Ian Fleming wrote, "Once is an accident. Twice is coincidence. Three times is an enemy action." Reflexively saying aloud "My college roommate was Spanish" whenever the conversation is about Spain is not enemy action, it's a verbal tick. So how do we avoid repeating ourselves?

  • Be authentic. Understandably smalltalk is going through the motions, a warm up for a connection--nobody really cares about the weather or traffic. But after smalltalk, a conversation is an opportunity to learn about the other person. If you are talking to someone you care about, cherish that time together. Listen. Don't have an agenda.
  • Focus on them. If you forget the names of people as soon as you are introduced, recognize that it is because you are thinking about you, not them. The same thing happens when you go into repeat mode. Next time you tell a story, say the person's name, e.g., "Have I told you, Carol, that I was stuck in Hawaii during 9/11?" Saying their name forces you to focus on them, and probably remember you already told them this story.
  • Take a breath. When someone asks me the same question multiple times I think one of two things, a mental problem or they didn't believe my answer. But it just feels this way and most likely neither is true. Most likely we are just not being present (I know, this is an overused phrase) and are offering up verbal ticks in the form of rehashed conversation because we are distracted by something. So take a breath, slow down, and return to the moment. 
  • Acknowledge uneasiness. Most people on forums said they repeated themselves when they felt awkward or stressed. If you feel this way, just accept it. Continue to feel this way while listening to the other person. After the conversation, when you are alone, self-reflect, identify the cause of the awkwardness, and realize that it won't kill you. 






Monday, November 30, 2015

First 90 Days

I arrived in Singapore exactly three months ago. The first week we stayed at a hotel and I took the bus to visit my dog in quarantine every day. The hotel was near Orchard, the fancy retail area of Singapore, which is a weird mix of feeling as though you are on vacation every day because you are in a beautiful hotel drinking cappuccinos with breakfast while constantly being reminded that this is not a vacation, it's your new real life. But once we signed the lease, arranged for rental furniture, and moved into our apartment things became very real. This is what I learned.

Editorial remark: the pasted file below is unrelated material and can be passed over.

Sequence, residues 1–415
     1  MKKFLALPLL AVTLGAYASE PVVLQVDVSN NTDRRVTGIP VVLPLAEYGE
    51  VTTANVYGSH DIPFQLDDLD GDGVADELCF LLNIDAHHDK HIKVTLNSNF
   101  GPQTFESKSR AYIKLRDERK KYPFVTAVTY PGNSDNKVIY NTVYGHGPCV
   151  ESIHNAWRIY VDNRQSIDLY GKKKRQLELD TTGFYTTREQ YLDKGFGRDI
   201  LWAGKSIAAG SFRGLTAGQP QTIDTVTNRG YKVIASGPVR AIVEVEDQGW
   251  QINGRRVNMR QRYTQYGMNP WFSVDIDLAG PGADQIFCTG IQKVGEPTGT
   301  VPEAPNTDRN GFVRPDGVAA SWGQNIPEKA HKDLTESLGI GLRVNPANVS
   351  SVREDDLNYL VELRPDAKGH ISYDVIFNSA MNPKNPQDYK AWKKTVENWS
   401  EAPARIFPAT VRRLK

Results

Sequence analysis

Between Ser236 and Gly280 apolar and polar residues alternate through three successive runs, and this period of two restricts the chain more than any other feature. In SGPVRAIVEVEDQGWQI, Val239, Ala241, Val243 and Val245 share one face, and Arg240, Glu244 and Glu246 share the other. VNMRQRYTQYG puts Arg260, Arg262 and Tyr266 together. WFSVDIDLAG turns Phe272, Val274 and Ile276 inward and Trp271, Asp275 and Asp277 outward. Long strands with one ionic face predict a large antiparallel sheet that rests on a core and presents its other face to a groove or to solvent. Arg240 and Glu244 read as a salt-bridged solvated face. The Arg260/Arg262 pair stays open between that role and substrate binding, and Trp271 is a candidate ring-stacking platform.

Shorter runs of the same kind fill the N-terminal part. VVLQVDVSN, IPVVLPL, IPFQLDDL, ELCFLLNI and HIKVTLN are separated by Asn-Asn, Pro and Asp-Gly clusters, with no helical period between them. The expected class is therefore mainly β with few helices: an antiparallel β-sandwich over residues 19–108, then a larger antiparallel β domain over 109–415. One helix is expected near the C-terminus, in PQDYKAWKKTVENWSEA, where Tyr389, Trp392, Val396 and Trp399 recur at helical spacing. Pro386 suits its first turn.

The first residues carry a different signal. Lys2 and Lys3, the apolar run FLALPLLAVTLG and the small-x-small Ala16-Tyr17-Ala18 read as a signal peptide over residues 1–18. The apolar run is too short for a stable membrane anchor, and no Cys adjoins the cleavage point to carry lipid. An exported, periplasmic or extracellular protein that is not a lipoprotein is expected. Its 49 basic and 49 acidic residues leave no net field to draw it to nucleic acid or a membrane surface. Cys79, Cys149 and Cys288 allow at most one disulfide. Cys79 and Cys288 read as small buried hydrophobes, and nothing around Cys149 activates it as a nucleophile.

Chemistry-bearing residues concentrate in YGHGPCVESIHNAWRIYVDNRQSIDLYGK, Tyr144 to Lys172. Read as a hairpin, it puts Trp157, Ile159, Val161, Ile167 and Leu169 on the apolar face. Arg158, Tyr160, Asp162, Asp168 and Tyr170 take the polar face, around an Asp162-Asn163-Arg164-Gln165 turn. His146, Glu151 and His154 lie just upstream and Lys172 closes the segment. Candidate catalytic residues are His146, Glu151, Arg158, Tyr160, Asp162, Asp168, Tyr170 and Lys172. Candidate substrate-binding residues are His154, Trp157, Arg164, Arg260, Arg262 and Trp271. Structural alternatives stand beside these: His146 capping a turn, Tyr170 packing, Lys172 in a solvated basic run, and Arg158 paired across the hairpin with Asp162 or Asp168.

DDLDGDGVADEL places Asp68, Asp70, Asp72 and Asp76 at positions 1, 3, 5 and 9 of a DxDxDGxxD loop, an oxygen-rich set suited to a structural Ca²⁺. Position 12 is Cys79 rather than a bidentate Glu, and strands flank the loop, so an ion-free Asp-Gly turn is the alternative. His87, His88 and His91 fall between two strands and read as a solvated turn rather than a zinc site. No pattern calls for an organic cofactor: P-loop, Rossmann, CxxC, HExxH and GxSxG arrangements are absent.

Plan breakfast. When I have moved, whether it has been down the street during a major remodel or across the globe, there are two things I make sure are in order before we eat dinner--beds and breakfast, and this goes for the dog as well as my husband and me. At some point we stop unpacking to buy coffee, cereal, fruit, and milk for breakfast. Waking up in a strange place is much less strange with the smell of coffee brewing. A weekday breakfast in the U.S. is Nature's Path cereal, but at $8.00 per box in Singapore accompanied with $6.00 almond milk we needed to make substitutions. Our Singapore regular breakfast is muesli with bananas or pears and granola, and topped with rice or oat milk. And coffee.

Start small. Week one we had to buy everything. We couldn't just drive to Target and load up the car, we had to buy the most critical things to get us through our first few days at the mom and pop store next door to our condo. Crammed into an aisle of the mom and pop store and crouching next to toiletries where the products and currency were foreign, (some of which had no English writing on them,) we debated about what could either be shower gel or shampoo, while every five seconds someone needs to walk by. (I don't know what it is about grocery shopping in Asia, but no matter where you stand within five seconds someone else always needs to be exactly where you are.) So that's what you do. You buy shower gel, a sponge, dishwashing liquid, dish towels, and trash bags and then go home, take a nap to escape the heat, and then have a glass of wine on the balcony. Because the next day will be easier and auntie and uncle will remember you.

Lists, lists, and more lists. One of the things to get used to in a new country is grocery shopping. Not only are the stores and products different but in my case I don't have a car, so everything I purchase must fit into my trolley, which means I shop more often and buy fewer things. Also there is not one giant grocery store to do all your shopping and you will likely specialize, buying different products at different stores:
  • Mustafa: Tahini, granola, Bob's Red Mill grains and flours. 
  • Phoon Huat: Anything dairy, dried fruit, nuts, flours, oils and anything related to baking. 
  • Wet markets: Produce and fish
  • Fair Price: Toiletries, paper goods, wine.
  • Aunty and Uncle: Anything and everything, especially in a pinch.
  • Expat markets: Cold Storage and various specialty butcher and bread stores sell gourmet items for unique dishes from home. 
I nearly cried during my first trip to Mustafa because the basket I was carrying was very heavy, I couldn't find anything, and the store was very crowded. Don't go on a weekend, stay hydrated, and buy only food. The house cleaning supplies you can buy anywhere.

Find your ten.